Great Opening Lines!

What makes a great opening line to a book? 

I’ve been pondering this question a lot lately as I work on my newest manuscript.  I figure the best way to answer this question is to go to my keeper shelf, draw out a few books at random and read the opening lines.  Here are a few of the ones I grabbed.

It wasn’t every day a guy saw a headless beaver marching down the side of a road, not even in Dean Robillard’s larger-than-life world.   –Natural Born Charmer by Susan Elizabeth Phillips

Daisy Devreaux had forgotten her bridegroom’s name.      –Kiss an Angel by Susan Elizabeth Phillips

Elizabeth Fitch’s short-lived teenage rebellion began with L’Oreal Pure Black, a pair of scissors and a fake ID.       –The Witness by Nora Roberts

As Sebastian, Lord St. Vincent, stared at the young woman who had just barged her way into his London residence, it occurred to him that he might have tried to abduct the wrong heiress last week at Stony Cross Park.           –The Devil in Winter by Lisa Kleypas

The body in the road was the absolute cap to the day.   –Thief of Shadows by Elizabeth Hoyt

Saying that she went to the annual Firefighter’s Charity Breakfast for pancakes was like saying she watched baseball for the game—when everyone knew that you watched baseball for the guys in tight uniform pants.            –Always on My Mind by Jill Shalvis

So, really?  Are you surprised the above books are on my keeper shelf?  Of course, as any dedicated writer would do after reviewing how some of her favorite authors started some of her favorite books, I decided to grab a few of my own books (again at random) to see if I’m starting my own stories with great first lines.  I’ll let you decided if I got it right or not.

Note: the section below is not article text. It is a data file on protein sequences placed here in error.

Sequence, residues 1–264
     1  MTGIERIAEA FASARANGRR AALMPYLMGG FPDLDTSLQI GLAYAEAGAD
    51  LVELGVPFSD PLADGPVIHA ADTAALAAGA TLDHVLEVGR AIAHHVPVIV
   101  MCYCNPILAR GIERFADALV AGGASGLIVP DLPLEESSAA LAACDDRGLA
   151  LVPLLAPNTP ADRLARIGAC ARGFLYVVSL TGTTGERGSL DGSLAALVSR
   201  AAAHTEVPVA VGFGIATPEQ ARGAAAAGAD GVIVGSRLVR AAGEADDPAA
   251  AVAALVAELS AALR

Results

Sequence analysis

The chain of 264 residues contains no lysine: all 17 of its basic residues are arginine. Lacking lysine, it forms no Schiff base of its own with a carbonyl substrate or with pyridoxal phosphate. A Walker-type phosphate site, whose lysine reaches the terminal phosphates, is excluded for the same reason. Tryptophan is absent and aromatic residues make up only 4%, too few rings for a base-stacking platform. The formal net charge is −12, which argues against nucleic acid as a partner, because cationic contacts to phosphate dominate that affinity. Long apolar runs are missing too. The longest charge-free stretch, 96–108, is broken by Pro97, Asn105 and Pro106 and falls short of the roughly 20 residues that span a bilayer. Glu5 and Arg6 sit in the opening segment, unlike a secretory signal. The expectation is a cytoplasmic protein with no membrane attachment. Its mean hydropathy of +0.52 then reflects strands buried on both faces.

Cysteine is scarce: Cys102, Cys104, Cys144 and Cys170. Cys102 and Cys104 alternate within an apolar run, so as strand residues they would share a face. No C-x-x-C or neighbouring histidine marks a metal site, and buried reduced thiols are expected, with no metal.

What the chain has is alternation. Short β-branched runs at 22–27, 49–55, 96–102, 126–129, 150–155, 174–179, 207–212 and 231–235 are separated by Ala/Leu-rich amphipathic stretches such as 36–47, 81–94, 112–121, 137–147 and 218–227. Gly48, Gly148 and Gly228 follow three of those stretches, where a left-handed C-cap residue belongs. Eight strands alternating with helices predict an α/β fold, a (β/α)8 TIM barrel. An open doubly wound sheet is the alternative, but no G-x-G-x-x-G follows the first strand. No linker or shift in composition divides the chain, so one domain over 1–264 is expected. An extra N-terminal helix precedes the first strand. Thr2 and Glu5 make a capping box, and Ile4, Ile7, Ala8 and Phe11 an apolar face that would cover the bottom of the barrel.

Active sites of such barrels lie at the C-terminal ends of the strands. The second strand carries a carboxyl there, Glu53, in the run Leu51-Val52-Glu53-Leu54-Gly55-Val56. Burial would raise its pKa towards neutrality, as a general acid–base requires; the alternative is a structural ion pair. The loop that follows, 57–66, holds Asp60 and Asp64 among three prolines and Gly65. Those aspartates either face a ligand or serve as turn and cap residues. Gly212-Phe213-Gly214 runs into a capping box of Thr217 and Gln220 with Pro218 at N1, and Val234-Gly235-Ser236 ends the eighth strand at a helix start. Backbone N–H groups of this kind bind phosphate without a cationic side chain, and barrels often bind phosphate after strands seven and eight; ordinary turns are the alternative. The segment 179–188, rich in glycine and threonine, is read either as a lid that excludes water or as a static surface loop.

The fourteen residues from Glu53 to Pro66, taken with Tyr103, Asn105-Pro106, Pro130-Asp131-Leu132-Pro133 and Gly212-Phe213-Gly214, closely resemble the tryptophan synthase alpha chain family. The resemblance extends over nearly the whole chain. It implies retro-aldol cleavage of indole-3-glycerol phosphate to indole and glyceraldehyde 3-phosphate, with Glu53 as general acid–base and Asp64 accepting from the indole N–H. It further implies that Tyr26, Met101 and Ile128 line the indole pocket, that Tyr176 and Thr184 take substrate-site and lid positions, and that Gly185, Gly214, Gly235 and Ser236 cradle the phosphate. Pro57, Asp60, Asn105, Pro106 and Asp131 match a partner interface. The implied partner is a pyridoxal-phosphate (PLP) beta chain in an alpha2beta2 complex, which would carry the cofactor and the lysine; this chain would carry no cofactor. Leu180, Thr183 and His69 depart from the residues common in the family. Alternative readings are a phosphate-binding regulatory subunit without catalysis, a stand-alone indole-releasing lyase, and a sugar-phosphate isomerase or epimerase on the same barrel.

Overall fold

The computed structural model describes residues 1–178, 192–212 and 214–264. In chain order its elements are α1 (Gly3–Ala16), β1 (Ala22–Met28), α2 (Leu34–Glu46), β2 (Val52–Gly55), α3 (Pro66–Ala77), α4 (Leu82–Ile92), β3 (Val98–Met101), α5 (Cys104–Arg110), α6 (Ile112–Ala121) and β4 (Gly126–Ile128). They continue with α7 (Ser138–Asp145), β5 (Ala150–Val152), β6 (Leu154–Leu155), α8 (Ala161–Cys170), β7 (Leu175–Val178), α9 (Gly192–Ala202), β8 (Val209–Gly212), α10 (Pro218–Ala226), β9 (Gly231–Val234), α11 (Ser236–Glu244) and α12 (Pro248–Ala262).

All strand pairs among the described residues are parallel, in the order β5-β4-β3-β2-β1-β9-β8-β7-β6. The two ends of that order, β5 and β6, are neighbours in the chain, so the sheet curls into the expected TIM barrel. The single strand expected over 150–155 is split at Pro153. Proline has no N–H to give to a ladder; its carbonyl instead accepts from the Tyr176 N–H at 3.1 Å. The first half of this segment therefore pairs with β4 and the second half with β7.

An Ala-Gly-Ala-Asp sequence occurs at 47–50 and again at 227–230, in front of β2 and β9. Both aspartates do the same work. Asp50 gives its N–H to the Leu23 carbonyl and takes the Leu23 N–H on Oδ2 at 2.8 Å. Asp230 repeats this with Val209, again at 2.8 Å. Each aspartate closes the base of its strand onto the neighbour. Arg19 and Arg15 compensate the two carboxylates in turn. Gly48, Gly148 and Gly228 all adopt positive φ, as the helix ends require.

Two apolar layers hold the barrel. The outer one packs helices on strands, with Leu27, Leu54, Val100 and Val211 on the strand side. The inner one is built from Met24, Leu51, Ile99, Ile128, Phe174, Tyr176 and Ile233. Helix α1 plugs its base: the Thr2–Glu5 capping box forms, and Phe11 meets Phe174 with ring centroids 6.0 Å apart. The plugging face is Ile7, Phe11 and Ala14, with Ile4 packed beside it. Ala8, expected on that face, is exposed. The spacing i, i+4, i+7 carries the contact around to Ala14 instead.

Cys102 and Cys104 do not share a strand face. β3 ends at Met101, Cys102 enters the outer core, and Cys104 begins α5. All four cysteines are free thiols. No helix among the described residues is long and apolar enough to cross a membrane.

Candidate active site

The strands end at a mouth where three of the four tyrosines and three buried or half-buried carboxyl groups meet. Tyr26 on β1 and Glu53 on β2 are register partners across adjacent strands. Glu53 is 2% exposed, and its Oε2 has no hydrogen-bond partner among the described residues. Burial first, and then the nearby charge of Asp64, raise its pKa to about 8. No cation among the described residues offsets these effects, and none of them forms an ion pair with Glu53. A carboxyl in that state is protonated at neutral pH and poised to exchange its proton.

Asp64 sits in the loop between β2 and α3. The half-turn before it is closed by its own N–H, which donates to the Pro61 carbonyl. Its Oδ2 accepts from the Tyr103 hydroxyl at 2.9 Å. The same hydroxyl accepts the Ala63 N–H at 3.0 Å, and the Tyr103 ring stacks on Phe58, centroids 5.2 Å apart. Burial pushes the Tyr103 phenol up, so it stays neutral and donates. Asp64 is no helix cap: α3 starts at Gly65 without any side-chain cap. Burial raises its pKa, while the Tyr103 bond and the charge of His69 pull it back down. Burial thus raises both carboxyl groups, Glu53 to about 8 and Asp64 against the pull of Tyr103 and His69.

Spetember 2011 release                 The_Marshal_Takes_a_Bride_Cover_art                    The Outlaw's Redemption cover art

From Courting the Enemy, September 2011 release: The betrayal came at too high a cost.

From The Marshal Takes a Bride, February 2009 release: Cornered and nearly out of ideas, U.S. marshal Trey Scott refused to consider retreat.

From The Outlaw’s Redemption, July 2013 release:  Hunter Mitchell was a free man.

 

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From Dangerous Allies, September 2010 release:  They came to watch her die.

 

 

 

 

Now it’s your turn.  Do you have any favorite opening lines?  Leave a comment and I’ll enter your name in the drawing for a copy of a book from my backlist (your choice).

 

 

 

Renee Ryan
Award-winning, multi-published author Renee Ryan sold her first book by winning the 2001 inaugural Dorchester/Romantic Times New Historical Voice Contest. She sold her second book to Harlequin Love Inspired Historical and has since sold nine more manuscripts to Love Inspired and Love Inspired Historical.
Updated: April 22, 2014 — 4:32 pm

16 Comments

  1. Very interesting Ranee. i like the first sentence in Jennifer Beckstrand’s Huckleberry Hill. It was: Anna Helmuth eased herself into the wooden rocker where she once cuddled each of her thirteen babies and took up her needles.

    Can’t imagine having thirteen babies. Oh my! But it must have been a real good rocker. It is a good book. Thanks for a chance to win another of your books. Maxie mac262(at)me(dot)com

  2. Maxie, what a great opening line. I already know so much about the character from that one sentence. Now that’s what I’m talking about!!!

  3. Oh I love good first lines! They’re so crucial. They set the tone for the whole book. Here are a few of my favorites:

    Kaki Warner from Pieces of Sky: “I’m a dead man.”

    Pamela Morsi from Here Comes the Bride: “There comes a time in every woman’s life when she must get herself a man or give up on the idea entirely,”

    Linda Lael Miller from A Wanted Man: “Rowdy Rhodes leaned back in the whorehouse bathtub, a cheroot jutting from between his teeth, and sighed as he waited for the chill of a high-country winter to seep out of his bones.”